Sound Attenuation in a Sandwich Floor

Delphine Bard , Anders Sjöström

New Zealand Acoustics, 24(3), pp.15- 20 . (2011).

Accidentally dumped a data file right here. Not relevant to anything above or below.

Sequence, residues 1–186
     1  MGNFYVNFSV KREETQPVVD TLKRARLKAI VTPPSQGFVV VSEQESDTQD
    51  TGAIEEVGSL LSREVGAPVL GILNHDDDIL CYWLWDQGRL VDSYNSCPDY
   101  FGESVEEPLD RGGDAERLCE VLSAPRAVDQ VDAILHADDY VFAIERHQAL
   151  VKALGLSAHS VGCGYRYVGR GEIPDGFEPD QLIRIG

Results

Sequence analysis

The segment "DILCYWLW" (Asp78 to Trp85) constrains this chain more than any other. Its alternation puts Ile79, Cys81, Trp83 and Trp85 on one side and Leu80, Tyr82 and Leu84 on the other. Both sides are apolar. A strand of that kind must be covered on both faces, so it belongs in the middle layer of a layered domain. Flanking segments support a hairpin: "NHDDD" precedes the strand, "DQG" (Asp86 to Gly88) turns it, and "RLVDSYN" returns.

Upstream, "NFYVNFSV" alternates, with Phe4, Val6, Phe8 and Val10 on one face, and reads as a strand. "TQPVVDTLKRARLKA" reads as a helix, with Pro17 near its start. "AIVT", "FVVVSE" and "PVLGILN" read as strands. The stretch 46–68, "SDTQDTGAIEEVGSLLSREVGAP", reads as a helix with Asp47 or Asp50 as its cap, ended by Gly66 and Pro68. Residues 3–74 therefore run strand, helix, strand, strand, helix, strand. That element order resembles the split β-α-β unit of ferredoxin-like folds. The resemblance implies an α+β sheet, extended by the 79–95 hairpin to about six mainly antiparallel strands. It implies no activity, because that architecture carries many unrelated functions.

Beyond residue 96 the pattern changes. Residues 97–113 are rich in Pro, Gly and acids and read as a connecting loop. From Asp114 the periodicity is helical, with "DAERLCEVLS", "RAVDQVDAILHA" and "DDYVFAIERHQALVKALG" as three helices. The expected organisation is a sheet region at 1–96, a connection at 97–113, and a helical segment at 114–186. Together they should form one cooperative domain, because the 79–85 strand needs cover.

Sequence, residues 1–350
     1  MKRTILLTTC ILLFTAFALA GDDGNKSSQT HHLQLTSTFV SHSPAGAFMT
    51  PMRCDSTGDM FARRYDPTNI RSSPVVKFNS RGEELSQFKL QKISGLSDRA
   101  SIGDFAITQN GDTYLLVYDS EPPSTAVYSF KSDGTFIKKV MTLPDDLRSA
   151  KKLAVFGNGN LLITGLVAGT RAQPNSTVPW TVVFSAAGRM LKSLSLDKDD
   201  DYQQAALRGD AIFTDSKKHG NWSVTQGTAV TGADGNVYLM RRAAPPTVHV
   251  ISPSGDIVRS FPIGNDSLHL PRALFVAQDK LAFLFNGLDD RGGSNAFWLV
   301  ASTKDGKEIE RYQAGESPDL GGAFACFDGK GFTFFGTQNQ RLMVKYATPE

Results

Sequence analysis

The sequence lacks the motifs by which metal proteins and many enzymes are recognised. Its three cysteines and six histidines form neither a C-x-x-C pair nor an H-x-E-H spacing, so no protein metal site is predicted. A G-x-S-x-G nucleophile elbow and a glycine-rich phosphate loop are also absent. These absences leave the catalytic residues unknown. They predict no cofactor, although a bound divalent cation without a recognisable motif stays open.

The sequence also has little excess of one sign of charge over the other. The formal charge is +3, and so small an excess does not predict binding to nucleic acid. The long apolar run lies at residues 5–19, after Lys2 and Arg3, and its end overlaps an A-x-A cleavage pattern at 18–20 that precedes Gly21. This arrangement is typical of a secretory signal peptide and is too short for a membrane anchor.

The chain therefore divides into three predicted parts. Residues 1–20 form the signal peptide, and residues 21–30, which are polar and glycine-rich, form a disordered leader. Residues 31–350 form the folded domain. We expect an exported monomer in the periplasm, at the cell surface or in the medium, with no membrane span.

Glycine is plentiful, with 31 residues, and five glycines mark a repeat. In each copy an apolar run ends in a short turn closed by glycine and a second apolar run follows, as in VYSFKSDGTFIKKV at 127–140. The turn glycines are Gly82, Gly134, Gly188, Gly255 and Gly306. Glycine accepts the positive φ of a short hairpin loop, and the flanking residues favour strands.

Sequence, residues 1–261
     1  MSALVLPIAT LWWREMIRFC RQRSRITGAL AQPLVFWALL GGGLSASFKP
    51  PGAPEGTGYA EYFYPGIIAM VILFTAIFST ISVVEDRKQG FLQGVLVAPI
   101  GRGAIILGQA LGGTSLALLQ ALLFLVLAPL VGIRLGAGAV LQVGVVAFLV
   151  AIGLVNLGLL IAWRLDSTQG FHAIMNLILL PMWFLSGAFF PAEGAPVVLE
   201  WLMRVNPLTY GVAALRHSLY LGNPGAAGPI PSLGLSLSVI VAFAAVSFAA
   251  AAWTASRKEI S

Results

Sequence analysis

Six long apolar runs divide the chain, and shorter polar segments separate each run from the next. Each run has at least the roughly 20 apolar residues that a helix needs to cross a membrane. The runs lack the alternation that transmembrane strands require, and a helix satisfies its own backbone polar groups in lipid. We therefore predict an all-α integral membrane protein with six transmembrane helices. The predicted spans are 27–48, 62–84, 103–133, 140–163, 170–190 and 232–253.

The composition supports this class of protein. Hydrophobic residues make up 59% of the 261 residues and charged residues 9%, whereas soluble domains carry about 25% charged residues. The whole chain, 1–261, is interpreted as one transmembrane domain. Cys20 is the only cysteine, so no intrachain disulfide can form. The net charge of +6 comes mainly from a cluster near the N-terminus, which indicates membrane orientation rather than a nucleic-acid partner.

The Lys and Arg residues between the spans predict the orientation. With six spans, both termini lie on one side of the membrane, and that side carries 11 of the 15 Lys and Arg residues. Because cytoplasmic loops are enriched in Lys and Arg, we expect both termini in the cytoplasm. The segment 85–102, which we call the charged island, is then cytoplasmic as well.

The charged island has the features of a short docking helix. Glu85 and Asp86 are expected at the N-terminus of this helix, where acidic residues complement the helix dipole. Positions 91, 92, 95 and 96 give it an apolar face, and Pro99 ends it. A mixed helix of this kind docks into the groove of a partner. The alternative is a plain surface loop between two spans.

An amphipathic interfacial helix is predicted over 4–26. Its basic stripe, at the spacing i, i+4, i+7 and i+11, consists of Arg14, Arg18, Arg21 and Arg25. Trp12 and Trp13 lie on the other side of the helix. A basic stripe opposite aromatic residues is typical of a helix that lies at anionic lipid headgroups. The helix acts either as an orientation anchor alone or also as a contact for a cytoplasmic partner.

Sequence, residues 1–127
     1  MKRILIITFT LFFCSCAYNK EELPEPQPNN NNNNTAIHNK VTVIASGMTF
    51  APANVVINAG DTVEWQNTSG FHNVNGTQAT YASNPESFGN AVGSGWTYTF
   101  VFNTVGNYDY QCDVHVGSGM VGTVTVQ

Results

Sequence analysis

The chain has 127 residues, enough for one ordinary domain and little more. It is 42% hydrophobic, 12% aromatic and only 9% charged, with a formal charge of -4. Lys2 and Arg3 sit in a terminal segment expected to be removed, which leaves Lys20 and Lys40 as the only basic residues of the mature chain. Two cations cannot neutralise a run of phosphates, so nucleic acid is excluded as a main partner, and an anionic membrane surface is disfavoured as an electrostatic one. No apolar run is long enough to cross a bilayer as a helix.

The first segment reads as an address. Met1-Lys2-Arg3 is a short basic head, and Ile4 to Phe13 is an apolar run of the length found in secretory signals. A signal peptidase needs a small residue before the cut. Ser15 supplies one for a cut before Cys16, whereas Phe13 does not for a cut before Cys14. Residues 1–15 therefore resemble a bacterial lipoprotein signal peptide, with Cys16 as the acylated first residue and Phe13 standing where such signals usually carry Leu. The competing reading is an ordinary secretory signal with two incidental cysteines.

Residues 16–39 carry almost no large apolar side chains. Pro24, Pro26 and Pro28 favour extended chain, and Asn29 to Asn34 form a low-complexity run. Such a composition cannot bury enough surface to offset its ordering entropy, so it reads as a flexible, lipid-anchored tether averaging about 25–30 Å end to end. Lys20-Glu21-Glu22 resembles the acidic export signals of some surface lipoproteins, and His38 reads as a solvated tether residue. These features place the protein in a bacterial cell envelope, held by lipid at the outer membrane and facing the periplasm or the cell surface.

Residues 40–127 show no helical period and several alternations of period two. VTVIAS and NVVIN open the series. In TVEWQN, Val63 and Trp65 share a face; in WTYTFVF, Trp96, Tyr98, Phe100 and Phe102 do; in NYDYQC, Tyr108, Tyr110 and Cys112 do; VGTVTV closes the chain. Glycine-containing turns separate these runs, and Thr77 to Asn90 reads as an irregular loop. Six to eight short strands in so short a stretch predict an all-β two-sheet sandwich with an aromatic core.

In modern building construction, where light weight structures are preferred for cost reasons, the sound transmission is often a problem to be considered carefully, hence the many studies addressing this issue. A common floor construction in a lightweight building system is using chipboard plates attached to wooden beams by screws and glue. One drawback with such a system is the propagation of vibrations stemming either from harmonic excitation like surround systems especially at low frequencies and/or transient excitation like human walking. In order to accurately predict the sound attenuation and the losses of such building systems, computationally accurate and efficient simulation techniques are needed. The main objective of the present work is to examine sandwiched floor constructs consisting of one and two layers of chipboards attached to supporting wooden beams. Discontinuities between adjacent boards and between boards and beams are of special interest. On one hand, they affect the kinetic energy loss, due to the acoustic attenuation of evanescent waves in the structure. On the other hand, they also alter the phase shift of the waves as they travel past the different types of discontinuities in the floor assembly. A series of measurements have been performed using two-axis accelerometers distributed over the floor and recorded synchronously. A special focus has been put on investigating the low frequency range (10-600Hz), including transient loads.